Saturday, 20 February 2010

Austin Plane Crash echoes Tea Party unrest.

This week, an IRS (American tax service) building in Austin, Texas was the target for Joseph Andrew Stack who crashed the plane he was flying into the building, killing himself and injuring others.

Given the initiatives of the Tea Party movement and Americans' general unrest at taxes, I have come across two recent articles that report the connection between Stack's apparent act of terrorism against the tax service and the uprising of the Tea Party Movement.

Sean Paul Kelley's article ( is from The Guardian website and John Merline's ( is taken from AolNews.

Kelley notes the significance of the event serving to represent (although morbidly and dramatically) the current state of Americans' feelings and fury towards the tax situation. He says, 'The right wing is riding the populist tiger', suggesting that such tax frustration is boding well as a topic for the Right and drawing in a significant amount of unsatisfied Americans. He also picks up on the fact that to some, the plane crash serves to promote the undercurrent of the Tea Party Movement; the reality of a potential violence which is festering beneath the surface of angry citizens. Many have been tempted to label the event as an act of terrorism and if so it suggests an internalisation of terrorism (a domestic rather than foreign threat); a deep mistrust in government to fulfill the peoples' needs.

Kelley's article is rather accusing and there is a sense that he himself is not surprised by this act of violence, 'As a friend of mine is fond of repeating: "If you pursue bad policy, you will reap bad results." Joseph Andrew Stack is only the first of many such bad results'. This recent event however is on an extreme level and such remarks as this seem a little melodramatic.

Merline's article looks into the wealth of virally stimulated articles and opinions that suggest a link between the plane crash and Tea Party momentum. The immediate assumption in the media and online to report the incident as Tea Party motivated reflects the view that the movement is an extreme element of Right wing politics and a force not to be reckoned with. Merline also notes of the belief that democrats are using the incident to discourage support of the Tea Party and regain votes towards the Left, '"The mainstream liberal media is already having a field [day] with the plane crash," says Habledash. "Their obvious attempts to connect the suicide pilot ... to the Tea Party movement completely unveils their political agenda."' Such conspiratorial assumptions are reflective of distrust within politics and the paranoia which is evident within Americans' relationship towards the economy.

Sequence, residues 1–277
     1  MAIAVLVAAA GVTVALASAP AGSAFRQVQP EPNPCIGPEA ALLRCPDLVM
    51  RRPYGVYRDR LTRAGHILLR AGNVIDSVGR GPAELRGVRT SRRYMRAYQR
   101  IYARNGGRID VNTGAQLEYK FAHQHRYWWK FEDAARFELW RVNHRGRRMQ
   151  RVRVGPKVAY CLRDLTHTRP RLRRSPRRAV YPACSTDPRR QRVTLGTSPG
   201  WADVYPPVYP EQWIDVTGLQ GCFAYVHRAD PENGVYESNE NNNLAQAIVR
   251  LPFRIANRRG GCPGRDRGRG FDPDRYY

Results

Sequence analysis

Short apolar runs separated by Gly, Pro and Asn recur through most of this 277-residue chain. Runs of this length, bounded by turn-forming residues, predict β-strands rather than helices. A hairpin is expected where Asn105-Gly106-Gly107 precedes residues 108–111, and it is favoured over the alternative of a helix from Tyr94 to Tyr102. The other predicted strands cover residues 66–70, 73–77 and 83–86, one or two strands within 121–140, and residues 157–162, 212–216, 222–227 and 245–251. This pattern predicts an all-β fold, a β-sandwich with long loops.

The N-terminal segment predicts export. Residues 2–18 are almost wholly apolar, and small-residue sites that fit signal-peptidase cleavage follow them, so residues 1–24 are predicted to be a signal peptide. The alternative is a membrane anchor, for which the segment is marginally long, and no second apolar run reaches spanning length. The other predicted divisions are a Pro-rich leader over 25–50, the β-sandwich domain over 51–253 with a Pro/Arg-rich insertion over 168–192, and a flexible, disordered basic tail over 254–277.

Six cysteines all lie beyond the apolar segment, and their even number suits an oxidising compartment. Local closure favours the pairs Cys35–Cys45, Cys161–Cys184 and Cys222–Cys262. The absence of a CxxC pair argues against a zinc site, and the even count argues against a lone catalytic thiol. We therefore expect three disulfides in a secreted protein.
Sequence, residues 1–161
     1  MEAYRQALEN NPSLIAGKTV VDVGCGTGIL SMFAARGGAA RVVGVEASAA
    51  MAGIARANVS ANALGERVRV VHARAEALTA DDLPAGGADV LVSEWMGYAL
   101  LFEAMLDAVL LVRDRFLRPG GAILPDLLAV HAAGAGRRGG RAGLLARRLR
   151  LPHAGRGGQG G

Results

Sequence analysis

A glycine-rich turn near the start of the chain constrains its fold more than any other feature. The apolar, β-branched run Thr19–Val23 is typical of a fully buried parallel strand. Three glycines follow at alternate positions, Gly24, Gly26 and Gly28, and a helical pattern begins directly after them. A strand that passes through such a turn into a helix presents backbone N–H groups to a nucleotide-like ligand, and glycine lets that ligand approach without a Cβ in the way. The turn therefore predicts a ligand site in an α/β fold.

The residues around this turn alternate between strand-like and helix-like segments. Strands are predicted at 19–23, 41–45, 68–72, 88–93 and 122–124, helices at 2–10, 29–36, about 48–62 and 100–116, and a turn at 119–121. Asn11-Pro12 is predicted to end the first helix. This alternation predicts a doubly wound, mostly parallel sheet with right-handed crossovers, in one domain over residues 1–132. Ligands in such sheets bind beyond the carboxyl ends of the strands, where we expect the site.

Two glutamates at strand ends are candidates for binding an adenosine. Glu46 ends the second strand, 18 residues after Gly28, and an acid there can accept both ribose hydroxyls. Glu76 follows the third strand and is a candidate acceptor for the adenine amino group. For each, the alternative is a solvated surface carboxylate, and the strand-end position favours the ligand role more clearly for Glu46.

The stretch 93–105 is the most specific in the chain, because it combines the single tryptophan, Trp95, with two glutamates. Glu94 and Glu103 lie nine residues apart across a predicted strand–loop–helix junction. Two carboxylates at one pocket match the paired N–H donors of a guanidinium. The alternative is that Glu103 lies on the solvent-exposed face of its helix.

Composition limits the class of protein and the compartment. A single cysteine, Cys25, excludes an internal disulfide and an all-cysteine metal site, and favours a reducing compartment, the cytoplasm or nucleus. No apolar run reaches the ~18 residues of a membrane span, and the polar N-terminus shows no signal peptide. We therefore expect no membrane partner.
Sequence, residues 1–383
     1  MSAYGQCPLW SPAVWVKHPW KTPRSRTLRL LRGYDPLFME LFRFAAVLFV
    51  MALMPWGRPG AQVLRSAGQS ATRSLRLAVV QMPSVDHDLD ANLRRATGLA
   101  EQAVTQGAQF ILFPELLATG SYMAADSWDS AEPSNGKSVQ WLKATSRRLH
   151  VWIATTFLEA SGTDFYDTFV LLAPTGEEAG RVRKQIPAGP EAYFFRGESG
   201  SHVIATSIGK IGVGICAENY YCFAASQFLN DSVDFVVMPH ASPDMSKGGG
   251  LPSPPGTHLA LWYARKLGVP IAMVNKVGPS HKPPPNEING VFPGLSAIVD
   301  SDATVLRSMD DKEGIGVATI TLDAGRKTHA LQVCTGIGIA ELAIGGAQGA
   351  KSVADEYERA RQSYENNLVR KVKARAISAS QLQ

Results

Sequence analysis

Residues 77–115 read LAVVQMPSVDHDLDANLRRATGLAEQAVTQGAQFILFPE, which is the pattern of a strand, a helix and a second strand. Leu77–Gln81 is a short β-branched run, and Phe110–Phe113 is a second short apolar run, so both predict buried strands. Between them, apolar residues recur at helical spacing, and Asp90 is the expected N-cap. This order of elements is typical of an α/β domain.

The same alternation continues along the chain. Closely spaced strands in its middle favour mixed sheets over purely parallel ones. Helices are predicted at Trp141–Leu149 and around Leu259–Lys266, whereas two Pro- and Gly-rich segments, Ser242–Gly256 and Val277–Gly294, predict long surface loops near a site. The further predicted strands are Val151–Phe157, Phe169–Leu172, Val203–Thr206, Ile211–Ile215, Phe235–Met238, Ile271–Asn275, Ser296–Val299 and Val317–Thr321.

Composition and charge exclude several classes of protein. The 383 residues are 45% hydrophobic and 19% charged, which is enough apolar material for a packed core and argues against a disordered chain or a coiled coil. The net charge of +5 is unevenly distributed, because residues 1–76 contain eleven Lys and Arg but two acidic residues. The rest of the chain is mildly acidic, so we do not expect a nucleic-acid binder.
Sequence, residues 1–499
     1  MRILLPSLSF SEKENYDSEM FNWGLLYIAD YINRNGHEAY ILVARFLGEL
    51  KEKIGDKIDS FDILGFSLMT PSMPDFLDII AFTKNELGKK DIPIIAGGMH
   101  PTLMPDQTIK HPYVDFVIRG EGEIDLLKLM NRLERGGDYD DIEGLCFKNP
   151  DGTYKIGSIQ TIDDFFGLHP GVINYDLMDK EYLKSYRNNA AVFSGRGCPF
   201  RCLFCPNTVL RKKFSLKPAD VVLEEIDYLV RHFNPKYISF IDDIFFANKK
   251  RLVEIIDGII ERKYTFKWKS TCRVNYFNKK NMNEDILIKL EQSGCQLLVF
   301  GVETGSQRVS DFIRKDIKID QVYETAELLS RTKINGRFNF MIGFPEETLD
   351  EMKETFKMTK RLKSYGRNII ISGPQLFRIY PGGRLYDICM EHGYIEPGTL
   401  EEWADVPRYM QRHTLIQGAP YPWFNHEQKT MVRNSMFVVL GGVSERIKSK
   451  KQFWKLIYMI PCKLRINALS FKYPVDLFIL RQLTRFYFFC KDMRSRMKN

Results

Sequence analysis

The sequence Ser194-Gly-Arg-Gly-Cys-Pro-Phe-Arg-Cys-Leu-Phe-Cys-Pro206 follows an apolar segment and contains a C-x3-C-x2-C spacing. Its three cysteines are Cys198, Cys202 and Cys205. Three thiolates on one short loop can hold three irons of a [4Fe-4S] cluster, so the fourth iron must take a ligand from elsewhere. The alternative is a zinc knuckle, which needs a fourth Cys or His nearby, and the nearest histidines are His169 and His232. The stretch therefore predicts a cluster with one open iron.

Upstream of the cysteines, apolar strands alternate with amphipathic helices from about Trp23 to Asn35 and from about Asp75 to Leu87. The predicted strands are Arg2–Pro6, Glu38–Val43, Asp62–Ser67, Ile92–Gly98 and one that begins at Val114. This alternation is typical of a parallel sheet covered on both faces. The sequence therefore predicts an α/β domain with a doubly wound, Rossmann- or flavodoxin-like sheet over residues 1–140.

Richard Benjamin offers an explanation for the range of interpretations of Stack's suicide note, 'The tortured manifesto cannot be properly labeled as 'left-' or 'right-wing'. Rather, it's a non-partisan screed against problems roiling the Republic -- and Stack's head -- for years.'. It would be naive to assume that only a small proportion of Americans are dissatisfied with tax matters because it is a subject that has dominated public support for and against Presidencies for decades. Benjamin suggests that Stack's situation is somewhat common with most Americans, regardless of political identification.

1 comment:

  1. The contrast in journalistic styles between these two articles couldn't be more stark. As Katey suggested, the Kelley article is emotive to say the least. A perfect piece of biased, unsubstantiated journalism. The opening sentence is a case in point:

    "While members of Washington and Wall Street elites transfer the accumulated wealth of 200 years to themselves, the desperation in the rest of America becomes palpable".

    I'm not sure what 'accumulated wealth' he is referring to. The multi-trillion dollar national debt perhaps? Shelley's article is a good example of how the media is prepared to use any issue, however tragic, to promote a particular view. In this article, Kelley appears more interested in misrepresenting the (alleged) views of Mr Stack in order to justify a left-wing, anti-capitalist rant than he is in reporting the facts.

    The text of the 'suicide' blog is, tellingly, not available within Kelley's article but it is accessible via Merline's article. Merline's style is more that of a 'news reporter' as he discusses the various reactions to the events in Austin, not his own agenda or opinion. I found this to be a much more balanced approach as he refers to responses from both the left, and right, of the political spectrum.

    If you read Mr Stack's text it is difficult to determine where his political affiliation lay(if anywhere) and there is no mention at all of the Tea Party. The poor man blames everyone from the government to big business for his misfortunes. Merline quotes the conservative website 'polipundit'com' when summarising the blog's contents: "Mad as Hell, at Everyone". Which, when viewed against the content of Mr Stack's alleged blog, is a reasonable view.

    The alacrity with which both sides of the political divide have exploited this tragic event, suggests more about the nature of American politics generally than the Tea Party philosphy. Mr Stack certainly expressed anti-Government views but against specific laws and specific policies. There is nothing in his blog to suggest he shared the anti 'big' government, highly individualistic and nationalistic ethos of the Tea Party. There is no evidence to substantiate this link and, in the absence of such evidence, the calculation suggested in attempts to make such an association appears to be pure media and political mischief-making.


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